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19.12.2008 Business & Finance

Election pales Christmas fever… As market slows down

By Linda Akrasi Kotey - Ghanaian Chronicle
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Though Christmas is just around the corner, there appears to be very little to show and tell about the festive occasion, which is often celebrated amidst pomp and pageantry.

The situation has resulted from the upcoming two-tie election run-off, between the ruling New Patriotic Party (NPP) and the opposition National Democratic Congress (NDC), slated for December 28.

A visit to the central business area of Accra, by the paper, revealed it all with some traders and shop owners alike, complaining of poor patronage and sales.

Some of these traders gave different accounts of the situation in the market. Whilst some said sales were bad, others would not complain, saying that it was normal.

Both buyers and sellers attributed the development, to the apprehension surrounding the election.

Although the streets and pavements were still crowded, it became evident that many people were doing window shopping.

A trader, who deals in ladies shoes, summed it all: “Most of the people who come here only ask of the price, and they tell you they are coming, but they don't come back.”

Even the sales of paraphernalia of the various political parties, had subsided to a low level.

Ama Nyamekye, a trader at Rawlings Park, who deals in party paraphernalia, told the paper the market was bad that she was no longer able to sell a quarter of what she used to, before the December 7, elections.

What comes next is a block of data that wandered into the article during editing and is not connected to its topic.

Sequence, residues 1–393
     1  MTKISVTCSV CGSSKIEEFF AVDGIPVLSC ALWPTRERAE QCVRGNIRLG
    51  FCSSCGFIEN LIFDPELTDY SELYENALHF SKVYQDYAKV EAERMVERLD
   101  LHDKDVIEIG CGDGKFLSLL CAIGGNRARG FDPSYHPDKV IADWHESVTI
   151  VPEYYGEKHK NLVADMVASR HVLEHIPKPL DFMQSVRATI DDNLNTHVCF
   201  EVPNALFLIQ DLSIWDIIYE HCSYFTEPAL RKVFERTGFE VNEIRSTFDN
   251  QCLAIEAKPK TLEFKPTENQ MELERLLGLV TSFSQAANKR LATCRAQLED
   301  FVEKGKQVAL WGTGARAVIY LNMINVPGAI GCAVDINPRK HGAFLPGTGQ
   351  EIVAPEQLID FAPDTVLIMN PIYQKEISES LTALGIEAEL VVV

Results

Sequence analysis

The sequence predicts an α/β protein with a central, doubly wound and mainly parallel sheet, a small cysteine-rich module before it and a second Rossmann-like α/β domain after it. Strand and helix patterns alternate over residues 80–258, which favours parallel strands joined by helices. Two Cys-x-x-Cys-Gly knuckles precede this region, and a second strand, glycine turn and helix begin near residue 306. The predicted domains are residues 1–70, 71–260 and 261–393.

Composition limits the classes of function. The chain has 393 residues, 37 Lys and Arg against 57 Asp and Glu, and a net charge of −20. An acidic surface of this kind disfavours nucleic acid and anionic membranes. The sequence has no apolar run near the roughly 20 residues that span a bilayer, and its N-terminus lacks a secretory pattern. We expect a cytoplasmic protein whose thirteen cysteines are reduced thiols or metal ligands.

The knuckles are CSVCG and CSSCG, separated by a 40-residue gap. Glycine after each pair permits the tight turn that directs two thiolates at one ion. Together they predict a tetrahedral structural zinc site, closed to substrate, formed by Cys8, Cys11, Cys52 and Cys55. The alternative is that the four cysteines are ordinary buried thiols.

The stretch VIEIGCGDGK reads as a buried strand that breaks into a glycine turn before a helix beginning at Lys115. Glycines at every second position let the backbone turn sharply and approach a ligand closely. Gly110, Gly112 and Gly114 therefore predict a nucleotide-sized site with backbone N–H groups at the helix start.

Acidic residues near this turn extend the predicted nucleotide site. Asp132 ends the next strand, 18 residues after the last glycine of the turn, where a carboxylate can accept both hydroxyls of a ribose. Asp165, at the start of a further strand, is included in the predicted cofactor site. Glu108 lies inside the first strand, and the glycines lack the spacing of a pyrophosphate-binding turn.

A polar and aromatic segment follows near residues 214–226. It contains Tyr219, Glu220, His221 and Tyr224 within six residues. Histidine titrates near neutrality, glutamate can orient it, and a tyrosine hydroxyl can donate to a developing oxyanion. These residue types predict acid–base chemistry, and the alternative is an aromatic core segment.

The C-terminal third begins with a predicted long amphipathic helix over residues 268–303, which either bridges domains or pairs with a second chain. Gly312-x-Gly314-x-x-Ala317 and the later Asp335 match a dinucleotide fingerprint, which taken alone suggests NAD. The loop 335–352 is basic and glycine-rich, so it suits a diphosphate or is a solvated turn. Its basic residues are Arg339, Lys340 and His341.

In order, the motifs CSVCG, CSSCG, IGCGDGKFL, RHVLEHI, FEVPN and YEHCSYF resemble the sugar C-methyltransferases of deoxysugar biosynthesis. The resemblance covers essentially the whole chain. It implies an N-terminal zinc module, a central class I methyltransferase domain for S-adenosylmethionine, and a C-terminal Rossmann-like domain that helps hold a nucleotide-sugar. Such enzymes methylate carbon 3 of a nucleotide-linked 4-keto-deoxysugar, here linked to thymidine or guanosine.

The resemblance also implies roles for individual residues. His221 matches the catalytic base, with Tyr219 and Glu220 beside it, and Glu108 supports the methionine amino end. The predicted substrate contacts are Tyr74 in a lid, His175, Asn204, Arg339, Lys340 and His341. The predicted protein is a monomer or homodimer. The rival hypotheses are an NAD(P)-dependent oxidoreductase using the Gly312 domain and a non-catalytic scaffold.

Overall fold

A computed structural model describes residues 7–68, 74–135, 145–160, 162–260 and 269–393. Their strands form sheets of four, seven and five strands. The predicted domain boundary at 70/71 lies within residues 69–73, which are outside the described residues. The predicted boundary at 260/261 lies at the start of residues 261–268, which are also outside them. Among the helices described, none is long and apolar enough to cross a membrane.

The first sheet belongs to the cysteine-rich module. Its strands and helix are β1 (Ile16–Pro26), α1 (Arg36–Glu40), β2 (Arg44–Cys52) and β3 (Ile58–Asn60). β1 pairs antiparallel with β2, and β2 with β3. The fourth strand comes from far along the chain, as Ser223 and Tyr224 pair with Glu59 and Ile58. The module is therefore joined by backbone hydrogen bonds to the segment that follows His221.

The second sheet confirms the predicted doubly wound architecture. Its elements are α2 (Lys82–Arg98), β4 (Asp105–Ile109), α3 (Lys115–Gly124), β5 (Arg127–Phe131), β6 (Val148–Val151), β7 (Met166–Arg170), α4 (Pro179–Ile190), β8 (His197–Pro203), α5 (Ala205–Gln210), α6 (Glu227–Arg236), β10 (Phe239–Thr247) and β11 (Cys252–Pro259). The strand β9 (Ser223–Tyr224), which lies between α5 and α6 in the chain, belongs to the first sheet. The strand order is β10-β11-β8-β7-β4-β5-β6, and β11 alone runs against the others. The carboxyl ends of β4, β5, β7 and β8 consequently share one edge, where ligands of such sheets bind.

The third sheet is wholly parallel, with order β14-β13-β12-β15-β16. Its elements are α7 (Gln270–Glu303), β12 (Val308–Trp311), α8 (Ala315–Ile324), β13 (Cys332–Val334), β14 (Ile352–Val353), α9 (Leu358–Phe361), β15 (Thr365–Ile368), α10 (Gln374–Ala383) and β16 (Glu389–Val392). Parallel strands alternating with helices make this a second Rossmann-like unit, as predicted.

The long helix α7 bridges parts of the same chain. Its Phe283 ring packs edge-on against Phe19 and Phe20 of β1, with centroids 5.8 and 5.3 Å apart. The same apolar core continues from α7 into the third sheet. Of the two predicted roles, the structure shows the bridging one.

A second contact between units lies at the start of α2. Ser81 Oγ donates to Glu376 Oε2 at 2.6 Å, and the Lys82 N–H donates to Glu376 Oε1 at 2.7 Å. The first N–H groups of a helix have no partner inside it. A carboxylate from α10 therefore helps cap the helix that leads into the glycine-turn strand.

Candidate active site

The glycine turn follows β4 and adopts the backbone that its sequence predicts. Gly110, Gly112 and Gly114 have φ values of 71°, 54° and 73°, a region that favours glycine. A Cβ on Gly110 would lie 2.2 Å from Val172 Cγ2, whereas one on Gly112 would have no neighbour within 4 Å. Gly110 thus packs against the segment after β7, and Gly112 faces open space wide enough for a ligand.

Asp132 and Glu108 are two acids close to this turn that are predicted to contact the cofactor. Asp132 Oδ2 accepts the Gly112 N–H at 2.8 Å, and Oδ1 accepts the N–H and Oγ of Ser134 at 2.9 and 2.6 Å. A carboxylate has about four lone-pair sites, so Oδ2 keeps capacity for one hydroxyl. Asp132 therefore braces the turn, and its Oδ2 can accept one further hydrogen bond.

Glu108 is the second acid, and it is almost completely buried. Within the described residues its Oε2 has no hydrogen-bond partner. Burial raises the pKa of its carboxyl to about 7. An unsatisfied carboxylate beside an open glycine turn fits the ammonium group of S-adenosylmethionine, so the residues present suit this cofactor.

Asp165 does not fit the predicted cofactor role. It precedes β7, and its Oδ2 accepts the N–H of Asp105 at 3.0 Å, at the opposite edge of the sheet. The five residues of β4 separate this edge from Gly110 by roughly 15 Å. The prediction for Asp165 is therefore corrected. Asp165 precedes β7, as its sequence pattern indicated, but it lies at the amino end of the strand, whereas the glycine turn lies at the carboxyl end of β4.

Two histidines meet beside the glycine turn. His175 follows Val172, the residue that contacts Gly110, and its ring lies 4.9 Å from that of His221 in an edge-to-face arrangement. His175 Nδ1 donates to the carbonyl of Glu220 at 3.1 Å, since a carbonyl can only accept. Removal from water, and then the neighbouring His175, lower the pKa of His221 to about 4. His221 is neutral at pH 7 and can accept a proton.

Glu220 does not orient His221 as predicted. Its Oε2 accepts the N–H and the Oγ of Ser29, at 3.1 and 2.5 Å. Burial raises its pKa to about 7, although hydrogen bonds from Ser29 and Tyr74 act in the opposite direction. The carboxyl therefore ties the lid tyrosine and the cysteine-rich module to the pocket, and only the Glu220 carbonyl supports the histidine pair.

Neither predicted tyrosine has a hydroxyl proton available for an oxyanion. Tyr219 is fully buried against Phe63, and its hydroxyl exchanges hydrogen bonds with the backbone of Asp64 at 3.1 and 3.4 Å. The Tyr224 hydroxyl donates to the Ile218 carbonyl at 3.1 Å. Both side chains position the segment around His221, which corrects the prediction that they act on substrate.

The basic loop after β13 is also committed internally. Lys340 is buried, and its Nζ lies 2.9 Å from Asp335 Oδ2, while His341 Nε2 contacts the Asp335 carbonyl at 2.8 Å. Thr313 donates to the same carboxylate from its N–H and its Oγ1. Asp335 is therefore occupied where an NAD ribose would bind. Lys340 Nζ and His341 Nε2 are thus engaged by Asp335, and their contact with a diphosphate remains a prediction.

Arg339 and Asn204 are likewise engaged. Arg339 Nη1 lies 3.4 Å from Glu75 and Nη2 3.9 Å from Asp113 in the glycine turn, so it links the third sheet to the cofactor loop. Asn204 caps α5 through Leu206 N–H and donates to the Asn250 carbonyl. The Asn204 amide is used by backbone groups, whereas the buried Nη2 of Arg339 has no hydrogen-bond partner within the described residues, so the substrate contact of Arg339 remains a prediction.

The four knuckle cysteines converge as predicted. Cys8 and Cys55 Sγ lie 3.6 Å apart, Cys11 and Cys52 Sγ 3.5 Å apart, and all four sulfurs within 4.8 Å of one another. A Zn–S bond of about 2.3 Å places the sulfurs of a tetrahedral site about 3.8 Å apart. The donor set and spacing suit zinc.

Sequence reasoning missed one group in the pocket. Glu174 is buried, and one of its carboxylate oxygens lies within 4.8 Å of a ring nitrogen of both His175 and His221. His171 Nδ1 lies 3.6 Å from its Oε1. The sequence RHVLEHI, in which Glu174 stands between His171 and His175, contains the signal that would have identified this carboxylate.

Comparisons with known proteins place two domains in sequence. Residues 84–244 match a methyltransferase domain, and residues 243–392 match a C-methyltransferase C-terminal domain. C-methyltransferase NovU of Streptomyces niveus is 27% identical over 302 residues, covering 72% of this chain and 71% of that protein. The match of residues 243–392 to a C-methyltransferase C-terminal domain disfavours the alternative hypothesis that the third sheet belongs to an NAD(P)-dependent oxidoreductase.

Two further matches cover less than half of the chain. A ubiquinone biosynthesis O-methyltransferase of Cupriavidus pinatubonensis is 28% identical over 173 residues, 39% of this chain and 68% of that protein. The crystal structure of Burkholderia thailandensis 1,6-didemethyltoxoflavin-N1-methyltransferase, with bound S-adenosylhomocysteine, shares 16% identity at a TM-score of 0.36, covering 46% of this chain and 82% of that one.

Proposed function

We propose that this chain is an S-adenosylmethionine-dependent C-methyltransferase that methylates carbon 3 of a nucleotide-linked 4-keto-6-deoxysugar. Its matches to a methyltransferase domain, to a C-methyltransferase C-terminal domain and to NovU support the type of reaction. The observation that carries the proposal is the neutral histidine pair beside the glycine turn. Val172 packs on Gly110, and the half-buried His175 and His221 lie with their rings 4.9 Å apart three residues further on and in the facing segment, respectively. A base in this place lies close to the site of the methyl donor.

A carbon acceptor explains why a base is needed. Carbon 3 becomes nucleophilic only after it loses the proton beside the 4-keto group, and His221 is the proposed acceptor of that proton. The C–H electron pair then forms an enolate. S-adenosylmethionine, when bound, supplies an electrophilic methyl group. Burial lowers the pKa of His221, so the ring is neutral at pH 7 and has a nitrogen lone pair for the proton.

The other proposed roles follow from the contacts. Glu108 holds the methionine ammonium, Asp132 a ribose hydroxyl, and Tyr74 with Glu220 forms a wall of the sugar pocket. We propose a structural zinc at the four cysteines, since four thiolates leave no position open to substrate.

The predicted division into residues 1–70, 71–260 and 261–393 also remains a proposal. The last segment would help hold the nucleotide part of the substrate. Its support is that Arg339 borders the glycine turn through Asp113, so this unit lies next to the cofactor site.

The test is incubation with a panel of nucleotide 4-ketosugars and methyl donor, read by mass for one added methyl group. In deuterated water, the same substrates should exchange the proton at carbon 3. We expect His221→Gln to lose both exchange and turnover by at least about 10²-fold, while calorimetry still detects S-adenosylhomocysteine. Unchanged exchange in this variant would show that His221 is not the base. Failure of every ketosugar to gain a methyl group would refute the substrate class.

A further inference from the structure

Initially, Ama said she used to sell close to twenty cartons each day, and linked the sudden decline in sales to the upcoming election.

Another dealer in children's clothes, Mrs. Alhassan, also told The Chronicle her sales had declined so badly, that she was wondering whether she could make any profit.

Comparing the sales of this year to previous years, she said in the past she would have run out of stock by now.

A host of other traders, who spoke to the paper, were contemplating whether or not to go to their hometowns to vote, considering the cost involved in traveling to some of these regions outside the capital city.

Whilst appreciating the fact that voting was an important process, their main concern was to sell their products. Ho

wever, Mr. Ansah, a retailer of shoes, had a different story to tell. He apportioned the blame on the radio stations.

To him, it is the radio stations which were not making Ghanaians to feel the Christmas fever, since according to him they give too much attention to politics, instead of playing Christmas carols.

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